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Chapter 5. Dancing Type > Animating the Background

Animating the Background

The background layer consists of four solids that are masked, blended, and animated. You have a lot of freedom in this section to create a unique background by defining your own color, shapes, keyframes, and layer blending, but we provide some of our property values in case you want to create something similar to our final results:

Create a new solid (Layer > New > Solid), and click the Make Comp Size button. You can use our color (RGB: 252, 208, 0) or any color you'd like.

Use the Elliptical Mask, Rectangular Mask, or Pen tool to draw a large shape out of the solid. We used the Elliptical Mask tool and created a mask that surrounds most of the solid but doesn't cover its corners. (Again, it's not important that your mask be exactly like ours. However, if you prefer it to be, draw an oval with the Elliptical Mask tool, and then click the Shape value next to the Mask Shape property in the Timeline and enter -169.72977 for Left, -12.252265 for Top, 889.72913 for Right, and 495.8559 for Bottom. Surely that's not as fun as creating your own mask—but each to their own, eh?)


If you need to resize and reposition the mask after initially drawing it, be careful that you only change the mask and don't reposition or resize the solid layer. It's a little awkward, but all you need to do is make sure the mask is selected under the solid layer in the Timeline before you drag any of the mask's handles.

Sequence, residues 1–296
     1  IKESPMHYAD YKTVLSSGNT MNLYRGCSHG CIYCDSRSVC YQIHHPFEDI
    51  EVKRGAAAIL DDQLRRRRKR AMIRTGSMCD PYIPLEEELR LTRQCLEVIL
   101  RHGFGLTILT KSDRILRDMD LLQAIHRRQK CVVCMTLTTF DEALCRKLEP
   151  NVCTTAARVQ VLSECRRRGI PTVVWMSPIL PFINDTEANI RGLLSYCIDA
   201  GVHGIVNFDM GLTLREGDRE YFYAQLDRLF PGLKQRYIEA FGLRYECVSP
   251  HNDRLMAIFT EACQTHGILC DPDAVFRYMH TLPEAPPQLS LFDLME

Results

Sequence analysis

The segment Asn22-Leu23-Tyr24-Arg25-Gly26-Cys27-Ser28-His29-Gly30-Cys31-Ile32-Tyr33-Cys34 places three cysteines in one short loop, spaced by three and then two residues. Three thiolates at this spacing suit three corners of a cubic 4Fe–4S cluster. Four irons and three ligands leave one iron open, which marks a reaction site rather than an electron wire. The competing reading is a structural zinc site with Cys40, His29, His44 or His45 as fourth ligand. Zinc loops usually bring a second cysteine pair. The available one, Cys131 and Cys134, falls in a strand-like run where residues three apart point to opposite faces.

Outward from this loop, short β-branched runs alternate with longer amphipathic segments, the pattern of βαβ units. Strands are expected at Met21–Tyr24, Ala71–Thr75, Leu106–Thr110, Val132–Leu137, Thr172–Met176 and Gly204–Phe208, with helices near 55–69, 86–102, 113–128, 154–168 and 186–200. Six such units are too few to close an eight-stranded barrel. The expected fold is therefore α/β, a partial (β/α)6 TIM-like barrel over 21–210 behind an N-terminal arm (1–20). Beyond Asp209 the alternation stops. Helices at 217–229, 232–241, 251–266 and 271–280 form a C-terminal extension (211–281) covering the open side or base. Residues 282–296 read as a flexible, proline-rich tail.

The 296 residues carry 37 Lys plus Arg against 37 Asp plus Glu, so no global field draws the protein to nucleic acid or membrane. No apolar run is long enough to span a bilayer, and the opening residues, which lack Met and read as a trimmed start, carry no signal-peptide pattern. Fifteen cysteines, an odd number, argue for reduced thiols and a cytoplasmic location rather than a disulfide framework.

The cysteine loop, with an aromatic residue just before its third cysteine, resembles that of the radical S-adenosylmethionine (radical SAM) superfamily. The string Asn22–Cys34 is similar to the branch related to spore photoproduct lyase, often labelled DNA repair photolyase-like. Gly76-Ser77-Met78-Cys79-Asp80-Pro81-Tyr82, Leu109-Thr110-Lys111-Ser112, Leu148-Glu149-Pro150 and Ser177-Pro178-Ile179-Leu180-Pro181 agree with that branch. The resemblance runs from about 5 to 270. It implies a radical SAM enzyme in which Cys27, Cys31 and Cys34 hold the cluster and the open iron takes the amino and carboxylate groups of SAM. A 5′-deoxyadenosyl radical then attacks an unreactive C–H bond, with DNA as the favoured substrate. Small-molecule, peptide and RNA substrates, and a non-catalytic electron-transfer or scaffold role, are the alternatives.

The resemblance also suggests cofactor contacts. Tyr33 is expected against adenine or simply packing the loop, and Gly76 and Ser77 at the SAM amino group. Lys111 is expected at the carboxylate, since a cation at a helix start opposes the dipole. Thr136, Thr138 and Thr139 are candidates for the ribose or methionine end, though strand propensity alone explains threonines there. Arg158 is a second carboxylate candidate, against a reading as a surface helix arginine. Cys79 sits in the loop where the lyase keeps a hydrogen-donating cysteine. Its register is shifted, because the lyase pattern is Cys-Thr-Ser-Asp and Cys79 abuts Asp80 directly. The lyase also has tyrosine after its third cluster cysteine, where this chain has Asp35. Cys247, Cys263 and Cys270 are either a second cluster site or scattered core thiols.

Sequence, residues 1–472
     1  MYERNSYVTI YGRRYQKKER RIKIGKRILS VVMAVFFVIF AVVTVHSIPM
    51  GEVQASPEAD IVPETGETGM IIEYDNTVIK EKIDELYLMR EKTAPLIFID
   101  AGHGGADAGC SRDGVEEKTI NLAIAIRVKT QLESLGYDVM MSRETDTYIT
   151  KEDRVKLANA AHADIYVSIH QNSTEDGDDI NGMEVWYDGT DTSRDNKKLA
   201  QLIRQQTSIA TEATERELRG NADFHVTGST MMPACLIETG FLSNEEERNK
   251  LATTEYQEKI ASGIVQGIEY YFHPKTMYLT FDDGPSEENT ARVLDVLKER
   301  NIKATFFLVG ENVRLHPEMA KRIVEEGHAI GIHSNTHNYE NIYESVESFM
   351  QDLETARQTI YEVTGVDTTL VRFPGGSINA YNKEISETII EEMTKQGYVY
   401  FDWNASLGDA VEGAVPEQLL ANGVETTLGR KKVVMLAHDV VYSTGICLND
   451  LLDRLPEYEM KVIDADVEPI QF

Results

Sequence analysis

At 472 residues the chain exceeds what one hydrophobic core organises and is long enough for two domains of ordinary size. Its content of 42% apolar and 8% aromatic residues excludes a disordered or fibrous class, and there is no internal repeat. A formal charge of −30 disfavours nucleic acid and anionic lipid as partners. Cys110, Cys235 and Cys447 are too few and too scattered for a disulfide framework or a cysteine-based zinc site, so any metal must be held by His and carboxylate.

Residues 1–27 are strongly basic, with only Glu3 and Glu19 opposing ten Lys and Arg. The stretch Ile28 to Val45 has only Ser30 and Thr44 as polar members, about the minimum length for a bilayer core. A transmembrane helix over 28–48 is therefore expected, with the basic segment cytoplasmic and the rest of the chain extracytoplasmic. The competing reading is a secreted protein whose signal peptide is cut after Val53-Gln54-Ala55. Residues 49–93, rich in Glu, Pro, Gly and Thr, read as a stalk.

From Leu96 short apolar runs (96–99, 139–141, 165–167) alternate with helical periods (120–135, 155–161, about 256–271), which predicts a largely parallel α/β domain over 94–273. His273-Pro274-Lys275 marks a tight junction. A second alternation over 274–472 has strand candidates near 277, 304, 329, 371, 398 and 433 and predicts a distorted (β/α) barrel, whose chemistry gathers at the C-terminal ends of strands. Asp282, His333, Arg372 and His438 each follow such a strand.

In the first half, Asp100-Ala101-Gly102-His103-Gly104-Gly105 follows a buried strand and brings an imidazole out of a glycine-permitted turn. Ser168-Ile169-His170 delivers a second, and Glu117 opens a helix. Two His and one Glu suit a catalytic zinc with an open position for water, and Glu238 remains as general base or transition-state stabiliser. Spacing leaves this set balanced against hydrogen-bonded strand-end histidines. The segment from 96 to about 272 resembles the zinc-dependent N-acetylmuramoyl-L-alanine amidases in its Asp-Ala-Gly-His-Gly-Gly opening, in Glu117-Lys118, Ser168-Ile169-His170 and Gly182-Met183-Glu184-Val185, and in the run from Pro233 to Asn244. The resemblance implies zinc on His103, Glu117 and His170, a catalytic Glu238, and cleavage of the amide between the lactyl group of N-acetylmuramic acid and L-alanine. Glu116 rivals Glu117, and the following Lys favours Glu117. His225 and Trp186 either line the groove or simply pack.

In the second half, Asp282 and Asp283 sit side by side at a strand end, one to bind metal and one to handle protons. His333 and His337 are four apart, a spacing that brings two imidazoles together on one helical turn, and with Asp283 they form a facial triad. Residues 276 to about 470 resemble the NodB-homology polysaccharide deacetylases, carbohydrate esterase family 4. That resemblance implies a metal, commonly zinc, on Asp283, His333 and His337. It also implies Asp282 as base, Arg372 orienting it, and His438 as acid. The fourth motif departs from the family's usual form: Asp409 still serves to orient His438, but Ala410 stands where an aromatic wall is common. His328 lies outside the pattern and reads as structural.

Masking the solid layer

Make sure you're at time 0;00. Select the solid layer, press M to display its Mask Shape, and click the stopwatch next to it to create a keyframe for it.

Go to time 1;00, and reposition one or more of the mask handles to create the next state of the solid's animation. We dragged the top mask handle to the bottom and vice versa to create a wave effect.

Animating the mask's shape

Go to each remaining second in the Timeline, and modify the mask's shape again in the Composition window. When you've completed this step, you should have six Mask Shape keyframes. (Again, you don't have to match our results. Believe us when we tell you it would be too tedious to write out how to get our precise mask shape changes and way too tedious for you to replicate the steps. Just drag the handles around to create random shapes.)

All the Mask Shape keyframes in place

To complete the background, duplicate the solid layer three times so that you have four solid layers.

Assign each new solid a different color. (We chose RGB: 155, 155, 5 for solid layer 2; RGB: 2, 119, 85 for layer 3; RGB: 195, 152, 21 for layer 4…. Just choose your own colors, and stop making us transcribe this stuff!) Then, modify the mask shape and keyframes so that they don't repeat the same pattern at any time.

Adding additional masked solid layers

The Background composition at time 1;19

To add some complexity to the shapes, you'll make the layers blend with one another so that their colors change wherever they overlap.

Display the Modes column in the Timeline, and then select all the layers. To quickly browse through the blending modes, hold down the Shift key as you press the plus (+) or minus (–) key at the top of your keyboard. We chose the Luminosity blending mode, which uses each layer's level of brightness to determine the results.



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